4. Sorbonne says

    Further to my earlier comments: I have used it now for ten straight weeks and my weight has not changed one milligram.
    Don’t bother with this stuff. It’s a scam, plain and simple. And the folks who manufacture this crap, together with those who sell it and promote it (including that quack Jones), should be brought to justice.

  5. Richard says

    Absolutely of no benefit whatsoever. I chided Dr. Blaylock at Newsmax magazine for including a full page advertisement with his monthly newsletter. Don’t waste your money on this one. A number 1 rating for this product is too high.

  6. Kevin says

    I paid a fortune for these pills and received a newsletter stating that they would not be effective for a few months prior to receiving my order. They didn’t bother telling me that until they had cashed my cheque. It was like an admission of ineffectiveness for their product. I only ordered three bottles and there was no change in my weight either. Needless to say I will not be ordering any more.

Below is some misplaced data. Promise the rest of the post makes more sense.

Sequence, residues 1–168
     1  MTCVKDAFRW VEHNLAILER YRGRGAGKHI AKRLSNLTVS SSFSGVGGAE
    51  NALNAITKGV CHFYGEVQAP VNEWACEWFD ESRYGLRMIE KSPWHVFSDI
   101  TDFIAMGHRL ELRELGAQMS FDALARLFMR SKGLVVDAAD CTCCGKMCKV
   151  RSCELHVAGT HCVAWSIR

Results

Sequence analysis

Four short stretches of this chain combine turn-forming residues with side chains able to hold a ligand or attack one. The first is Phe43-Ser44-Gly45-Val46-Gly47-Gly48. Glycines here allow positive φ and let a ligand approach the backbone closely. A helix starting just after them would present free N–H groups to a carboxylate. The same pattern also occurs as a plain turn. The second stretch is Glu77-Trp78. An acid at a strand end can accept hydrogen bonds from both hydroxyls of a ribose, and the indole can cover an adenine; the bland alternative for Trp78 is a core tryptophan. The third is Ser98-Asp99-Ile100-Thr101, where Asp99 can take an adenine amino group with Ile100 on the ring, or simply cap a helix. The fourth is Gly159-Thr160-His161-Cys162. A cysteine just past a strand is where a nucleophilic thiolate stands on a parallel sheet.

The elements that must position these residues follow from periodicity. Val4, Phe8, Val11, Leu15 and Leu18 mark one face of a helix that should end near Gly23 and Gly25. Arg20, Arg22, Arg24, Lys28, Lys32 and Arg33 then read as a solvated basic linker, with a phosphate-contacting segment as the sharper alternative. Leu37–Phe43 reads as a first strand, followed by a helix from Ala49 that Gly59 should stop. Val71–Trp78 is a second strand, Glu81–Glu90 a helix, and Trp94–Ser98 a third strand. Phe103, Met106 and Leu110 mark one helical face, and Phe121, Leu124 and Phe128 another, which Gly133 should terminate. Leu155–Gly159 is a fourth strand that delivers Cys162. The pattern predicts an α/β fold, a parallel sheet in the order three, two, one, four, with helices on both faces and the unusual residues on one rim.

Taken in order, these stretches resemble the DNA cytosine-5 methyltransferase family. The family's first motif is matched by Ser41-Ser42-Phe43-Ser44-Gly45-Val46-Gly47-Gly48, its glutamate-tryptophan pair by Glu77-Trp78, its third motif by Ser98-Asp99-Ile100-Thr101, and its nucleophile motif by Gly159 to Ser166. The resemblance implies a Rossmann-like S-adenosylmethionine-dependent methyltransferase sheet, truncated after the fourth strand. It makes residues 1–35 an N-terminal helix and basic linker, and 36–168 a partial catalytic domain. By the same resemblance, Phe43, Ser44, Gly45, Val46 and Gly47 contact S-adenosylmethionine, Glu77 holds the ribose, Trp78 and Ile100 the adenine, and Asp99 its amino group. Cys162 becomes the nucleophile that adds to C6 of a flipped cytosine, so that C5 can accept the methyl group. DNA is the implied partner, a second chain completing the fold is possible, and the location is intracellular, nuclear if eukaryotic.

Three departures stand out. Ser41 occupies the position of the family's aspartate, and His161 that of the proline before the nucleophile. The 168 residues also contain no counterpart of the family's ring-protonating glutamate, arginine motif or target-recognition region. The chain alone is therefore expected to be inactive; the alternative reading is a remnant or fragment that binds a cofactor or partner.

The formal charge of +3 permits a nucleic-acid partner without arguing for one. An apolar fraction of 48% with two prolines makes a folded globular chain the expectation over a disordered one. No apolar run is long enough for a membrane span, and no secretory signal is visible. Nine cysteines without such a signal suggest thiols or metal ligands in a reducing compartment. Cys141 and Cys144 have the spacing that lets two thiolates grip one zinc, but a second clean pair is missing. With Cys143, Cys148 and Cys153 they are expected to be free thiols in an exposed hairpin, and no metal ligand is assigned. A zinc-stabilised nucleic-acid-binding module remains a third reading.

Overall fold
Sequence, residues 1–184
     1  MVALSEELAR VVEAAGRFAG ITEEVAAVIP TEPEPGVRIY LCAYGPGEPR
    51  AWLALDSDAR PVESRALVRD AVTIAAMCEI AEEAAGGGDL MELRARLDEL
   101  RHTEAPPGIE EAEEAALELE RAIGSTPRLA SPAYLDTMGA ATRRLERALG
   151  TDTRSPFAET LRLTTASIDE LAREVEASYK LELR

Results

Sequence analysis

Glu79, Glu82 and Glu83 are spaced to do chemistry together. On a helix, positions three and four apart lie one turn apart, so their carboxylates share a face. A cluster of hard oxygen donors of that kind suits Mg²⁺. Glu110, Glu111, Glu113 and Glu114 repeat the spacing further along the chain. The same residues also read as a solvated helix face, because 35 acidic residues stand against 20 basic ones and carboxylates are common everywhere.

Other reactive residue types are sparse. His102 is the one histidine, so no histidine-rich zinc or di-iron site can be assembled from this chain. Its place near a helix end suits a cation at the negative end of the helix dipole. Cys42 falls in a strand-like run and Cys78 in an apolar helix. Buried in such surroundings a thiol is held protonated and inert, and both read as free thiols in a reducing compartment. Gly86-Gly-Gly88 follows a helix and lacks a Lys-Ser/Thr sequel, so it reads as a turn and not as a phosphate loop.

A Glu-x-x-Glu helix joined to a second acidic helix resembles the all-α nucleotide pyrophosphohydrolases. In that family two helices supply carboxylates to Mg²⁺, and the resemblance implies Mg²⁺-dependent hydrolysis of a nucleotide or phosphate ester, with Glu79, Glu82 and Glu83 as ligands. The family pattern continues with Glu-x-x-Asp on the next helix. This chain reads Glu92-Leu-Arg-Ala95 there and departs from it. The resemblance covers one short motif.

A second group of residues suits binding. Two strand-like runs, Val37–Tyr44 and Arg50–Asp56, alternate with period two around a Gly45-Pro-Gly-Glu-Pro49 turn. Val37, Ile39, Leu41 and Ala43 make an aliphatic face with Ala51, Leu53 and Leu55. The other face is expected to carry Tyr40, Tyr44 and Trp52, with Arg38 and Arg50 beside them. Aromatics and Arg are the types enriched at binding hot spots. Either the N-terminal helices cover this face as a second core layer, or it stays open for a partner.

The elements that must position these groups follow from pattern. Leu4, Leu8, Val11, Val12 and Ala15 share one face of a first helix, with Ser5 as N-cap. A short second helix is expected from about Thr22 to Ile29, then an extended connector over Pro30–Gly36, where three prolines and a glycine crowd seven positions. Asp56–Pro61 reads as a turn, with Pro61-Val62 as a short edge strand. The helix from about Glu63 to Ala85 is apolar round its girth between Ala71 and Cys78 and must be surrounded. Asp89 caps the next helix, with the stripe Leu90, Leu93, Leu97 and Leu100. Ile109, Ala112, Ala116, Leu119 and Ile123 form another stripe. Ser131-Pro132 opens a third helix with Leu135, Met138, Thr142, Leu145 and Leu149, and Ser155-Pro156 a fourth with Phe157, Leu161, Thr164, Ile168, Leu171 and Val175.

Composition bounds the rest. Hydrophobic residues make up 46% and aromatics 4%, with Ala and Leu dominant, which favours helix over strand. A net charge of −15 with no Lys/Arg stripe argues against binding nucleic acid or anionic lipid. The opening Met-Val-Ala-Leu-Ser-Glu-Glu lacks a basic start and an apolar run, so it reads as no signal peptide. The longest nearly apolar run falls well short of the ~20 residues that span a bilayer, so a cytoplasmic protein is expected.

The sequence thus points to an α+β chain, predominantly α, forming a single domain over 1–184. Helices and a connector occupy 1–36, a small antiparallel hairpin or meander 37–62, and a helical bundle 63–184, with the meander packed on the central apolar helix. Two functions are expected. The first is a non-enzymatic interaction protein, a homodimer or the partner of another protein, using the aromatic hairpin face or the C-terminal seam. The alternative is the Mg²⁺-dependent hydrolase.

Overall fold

7. M Warren says

    I used Glabrinex for 3 months and noticed inches lost in my stomach area. My clothes were fitting better and I actually had a waist even though the rest of me did not loose inches. I will definately continue to use this product and perhaps see even more results if I eat properly.

  8. jim says

    Glabrinex is a total scam on my estimation. No results at all after paying a large fee to the mail order company. Dr. Jones, Canada, has lost credibility in my estimation.

  9. Sorbonne says

    I suspect the above author (M Warren) is hallucinating. Everything is ‘fitting better’. Could be. But the question is: was there any weight loss? I recently finished my 8-month supply of this junk, and my total weight loss is exactly 0 (zero) plus a few hundred bucks. Once I was a moron, but no more.